Putting a Seth Thomas back together again

Discussion in 'General Clock Discussions' started by f.webster, Sep 13, 2018.

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  1. f.webster

    f.webster Registered User
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    Dec 18, 2009
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    This is a 16 inch tall, eight day, Seth Thomas Kitchen clock. I found it in/on Tran's book from the 1863 - 1875 Seth Thomas Mantel Clocks. I don't know what face belongs on it. I don't believe the flat paper dial on cardboard dial and pan that was on it is original. What should it look like? Images show what I found... I would like to put it together correctly. Is the lower glass correct?

    20180912_151214.jpg 20180912_151153.jpg
     
  2. Uhralt

    Uhralt Registered User
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    Sep 4, 2008
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    I would call this clock a Cottage clock. The face would be most likely a sheet metal dial, painted white with numerals on it. Tran's book should give you a good idea of how it looked like.. Dials show up frequently on ebay, however it won't be easy to find one with the correct dimension and the correct locations of the holes for the winding arbors and the hands. I can't tell if the lower glass is correct. A picture of the back of the glass would help. Are there any signs that it was ever replaced, like damaged wood strips that hold the glass?

    Uhralt
     
  3. shutterbug

    shutterbug Super Moderator
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    The dial will look similar to this one, but without the seconds area. You can drill holes, but it requires precision and care so the paint is not damaged.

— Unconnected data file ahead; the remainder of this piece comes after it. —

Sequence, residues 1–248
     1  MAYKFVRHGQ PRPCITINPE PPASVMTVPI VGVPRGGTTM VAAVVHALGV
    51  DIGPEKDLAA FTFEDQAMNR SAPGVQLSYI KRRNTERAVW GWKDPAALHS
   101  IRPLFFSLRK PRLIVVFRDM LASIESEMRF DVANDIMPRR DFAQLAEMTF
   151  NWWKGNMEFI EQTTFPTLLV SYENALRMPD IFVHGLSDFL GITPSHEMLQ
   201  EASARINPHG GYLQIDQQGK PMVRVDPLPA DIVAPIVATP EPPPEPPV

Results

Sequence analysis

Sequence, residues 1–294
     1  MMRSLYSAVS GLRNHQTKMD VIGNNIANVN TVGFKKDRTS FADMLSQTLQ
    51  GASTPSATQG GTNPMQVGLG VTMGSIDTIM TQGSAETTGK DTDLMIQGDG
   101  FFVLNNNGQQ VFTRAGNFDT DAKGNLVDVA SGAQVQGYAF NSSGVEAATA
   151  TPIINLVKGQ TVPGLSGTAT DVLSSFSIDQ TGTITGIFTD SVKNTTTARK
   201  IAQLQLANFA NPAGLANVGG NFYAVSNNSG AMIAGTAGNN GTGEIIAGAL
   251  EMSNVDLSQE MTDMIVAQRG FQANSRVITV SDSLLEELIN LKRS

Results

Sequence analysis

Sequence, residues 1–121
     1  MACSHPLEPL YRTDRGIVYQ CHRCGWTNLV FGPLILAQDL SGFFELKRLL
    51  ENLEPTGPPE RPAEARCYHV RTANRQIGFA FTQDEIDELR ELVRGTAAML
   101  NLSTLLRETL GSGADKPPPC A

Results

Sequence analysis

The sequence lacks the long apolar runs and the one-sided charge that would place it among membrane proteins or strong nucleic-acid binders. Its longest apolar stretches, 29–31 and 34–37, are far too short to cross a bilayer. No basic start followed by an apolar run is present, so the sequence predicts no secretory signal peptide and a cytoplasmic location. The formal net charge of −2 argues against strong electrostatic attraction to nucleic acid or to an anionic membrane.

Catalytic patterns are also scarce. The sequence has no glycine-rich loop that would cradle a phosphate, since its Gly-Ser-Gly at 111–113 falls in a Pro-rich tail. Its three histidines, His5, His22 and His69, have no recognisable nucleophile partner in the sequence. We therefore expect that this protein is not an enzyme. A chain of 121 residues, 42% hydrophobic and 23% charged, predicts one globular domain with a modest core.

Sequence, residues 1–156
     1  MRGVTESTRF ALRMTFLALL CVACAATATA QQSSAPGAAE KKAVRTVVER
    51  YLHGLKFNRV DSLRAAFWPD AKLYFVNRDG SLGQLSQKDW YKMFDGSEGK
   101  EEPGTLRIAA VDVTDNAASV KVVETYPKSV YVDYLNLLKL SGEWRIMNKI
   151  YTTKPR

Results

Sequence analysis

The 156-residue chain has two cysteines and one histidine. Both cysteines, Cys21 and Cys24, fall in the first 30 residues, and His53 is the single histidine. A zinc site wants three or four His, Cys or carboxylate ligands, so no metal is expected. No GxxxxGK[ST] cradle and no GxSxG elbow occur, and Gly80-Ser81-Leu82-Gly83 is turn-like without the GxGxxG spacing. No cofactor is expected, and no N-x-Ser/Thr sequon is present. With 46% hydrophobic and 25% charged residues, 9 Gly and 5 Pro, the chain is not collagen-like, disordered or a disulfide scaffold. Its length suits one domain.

There are other examples in the other thread you posted to ;)
     
  4. Steven Thornberry

    Steven Thornberry User Administrator
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    Actually, the entries in Tran refer to this style of clock as O.G. Kitchen, and that I presume is where the OP got the term "Kitchen." They are not true OG's inasmuch as they don't have the OG moulding. They are more of a bevel-edge clock but are often referred to as OG's.

    It would be interesting to see the dial that came with the clock.
     
  5. f.webster

    f.webster Registered User
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    As best I can measure, the dial is seven inches square with a 5 1/2 in dial ring. I see that Timesavers has one. Thanks Shutterbug...but I thin a 12 inch dial would bee too big for this 16 inch tall clock.
     
  6. f.webster

    f.webster Registered User
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    Here is an image showing the back of the lower panel glass

    20180914_085423.jpg
     
  7. Uhralt

    Uhralt Registered User
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    The wood strip that holds the glass on the left hand side appears to be broken at the lower nail. So it seems that the glass has been removed at some point in time in the past. The glass looks old, however. Maybe it was removed only to clean the case or it was replaced with another old glass. Hard to tell.

    Uhralt
     
  8. f.webster

    f.webster Registered User
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    I have looked through the books I have and searched for this glass pattern. I will continue a search.

    I think the original dial might have been flat metal. I don't thing it was as the larger ogee dials with the raised ring.

    I am going to do some veneer repair and restoration.

    I'll keep the message board posted
     
  9. rmarkowitz1_cee4a1

    rmarkowitz1_cee4a1 Registered User
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    My goodness.

    This is a fairly common clock of which many examples can be found for comparison.

    Take a look at Tran's book to see what it should look like. There are examples currently posted on eBay as well.

    RE: the dial. It is metal with a white painted background and black Roman numerals on a raised chapter ring.

    ST used these transfer decorated tablets on their later clocks of a number of styles. I have had similar clocks with tablets decorated in a similar fashion with flowers, fruits, a winsome lass and so on.

    Clearly someone slathered the back with black paint probably to correct flaking. You can see where they slopped in on the wood retaining strips.

    RM
     

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